Trekking on Mount Kenya
The central highlands region is dominated by the snow-capped peaks of Mount Kenya, which reach 5199 metres on the Batian peak, the second highest on the African continent, after Kilimanjaro. Observing its grandeur from the village of Nanyuki, which also marks the exact point where the equator crosses, one immediately understands why it is still considered the ‘home of the gods’ by the local Kikuyu people.
On these green and fertile lands, between the steep slopes that climb up to the jagged summits that disappear into the clouds, everything is magical.
The surprising natural phenomenon of the ‘Coriolis force‘ at the exact point where the equator passes could also seem magical. It can be tested with a small container of water and a floating twig and by observing that by moving a few centimetres from one side of the imaginary line to the other, the stick will turn in two different directions depending on the hemisphere.
But the magic is also and above all the variety of an unspoilt nature that changes constantly as you move up in altitude. If the valleys and surrounding fertile plains were expropriated by settlers for centuries, after Independence they were partly returned to the local population, who made them the country’s main granary, or transformed into ranches for the conservation of the numerous animal species that populate the area, such as elephants, antelopes, buffalo and leopards.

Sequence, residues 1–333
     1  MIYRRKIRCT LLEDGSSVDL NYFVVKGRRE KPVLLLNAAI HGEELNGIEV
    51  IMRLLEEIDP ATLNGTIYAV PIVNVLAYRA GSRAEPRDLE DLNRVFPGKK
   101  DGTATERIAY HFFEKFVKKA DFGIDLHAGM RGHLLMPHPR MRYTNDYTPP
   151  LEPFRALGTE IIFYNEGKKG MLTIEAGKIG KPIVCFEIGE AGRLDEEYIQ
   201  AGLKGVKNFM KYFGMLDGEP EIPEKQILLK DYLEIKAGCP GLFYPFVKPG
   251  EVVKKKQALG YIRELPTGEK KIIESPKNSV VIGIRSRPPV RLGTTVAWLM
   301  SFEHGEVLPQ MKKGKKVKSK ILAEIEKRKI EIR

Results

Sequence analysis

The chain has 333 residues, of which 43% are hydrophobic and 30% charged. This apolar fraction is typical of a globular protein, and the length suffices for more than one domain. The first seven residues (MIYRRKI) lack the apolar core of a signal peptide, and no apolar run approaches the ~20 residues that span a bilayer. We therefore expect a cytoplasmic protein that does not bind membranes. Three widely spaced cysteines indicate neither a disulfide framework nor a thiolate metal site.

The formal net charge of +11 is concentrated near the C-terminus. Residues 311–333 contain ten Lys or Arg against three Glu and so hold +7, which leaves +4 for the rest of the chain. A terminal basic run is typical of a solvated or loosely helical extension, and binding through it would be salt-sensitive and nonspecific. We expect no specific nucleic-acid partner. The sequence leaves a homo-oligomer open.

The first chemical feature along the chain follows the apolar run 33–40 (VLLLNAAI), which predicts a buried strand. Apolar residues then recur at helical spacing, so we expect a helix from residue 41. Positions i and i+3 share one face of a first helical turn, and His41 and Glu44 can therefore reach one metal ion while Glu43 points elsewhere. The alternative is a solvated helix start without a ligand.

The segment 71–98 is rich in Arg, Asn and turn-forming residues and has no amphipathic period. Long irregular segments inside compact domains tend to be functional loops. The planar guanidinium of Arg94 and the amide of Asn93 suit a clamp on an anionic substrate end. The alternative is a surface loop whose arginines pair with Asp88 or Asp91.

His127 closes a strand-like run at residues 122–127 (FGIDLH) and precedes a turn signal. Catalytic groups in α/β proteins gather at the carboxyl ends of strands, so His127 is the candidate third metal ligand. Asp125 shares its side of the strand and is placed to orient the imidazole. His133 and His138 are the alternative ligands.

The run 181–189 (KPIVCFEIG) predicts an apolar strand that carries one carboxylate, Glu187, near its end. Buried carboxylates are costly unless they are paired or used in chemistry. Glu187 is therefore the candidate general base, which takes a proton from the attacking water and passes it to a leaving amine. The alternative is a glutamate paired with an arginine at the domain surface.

As one approaches the slopes, the base of Mount Kenya is ringed and engulfed in a veritable jungle, criss-crossed by bamboo groves and an infinite number of streams flowing down the mountainside. On the intermediate heights, a riot of conifers and cedars introduce the first glaciers and the progressive thinning of the vegetation, which becomes increasingly shrubby and steppe-like, embellished by the alpine inflorescences of the beautiful lobelias, and the characteristic Dendrosenecio keniodendron, the endemic plant symbol of Mount Kenya.
Each slope is served by accommodation facilities and has its own characteristic landscape. While the most experienced climbers will have no difficulty in reaching the volcanic peaks of Batian and Nelion, both over 5,000 metres, the easiest route for the less experienced is up Lenana (4,985 metres). The access routes that meander and climb to the summits are varied, often offering close encounters with the local fauna, and can be covered in a day’s walk through ever-changing scenery, from the surrounding savannahs to dense forests and woodlands, from alpine heathlands and highland steppes to small lakes set in rock, from streams and glaciers to snow-capped, desert and jagged peaks, from which to gaze out over Kenya, beyond the clouds.
A privileged viewpoint and magic to be experienced, on this National Park, Biosphere Heritage (UNESCO 2013).
Trekking on Mount Kenya
The magic is and above all the variety of an unspoilt nature that changes constantly as you move up in altitude.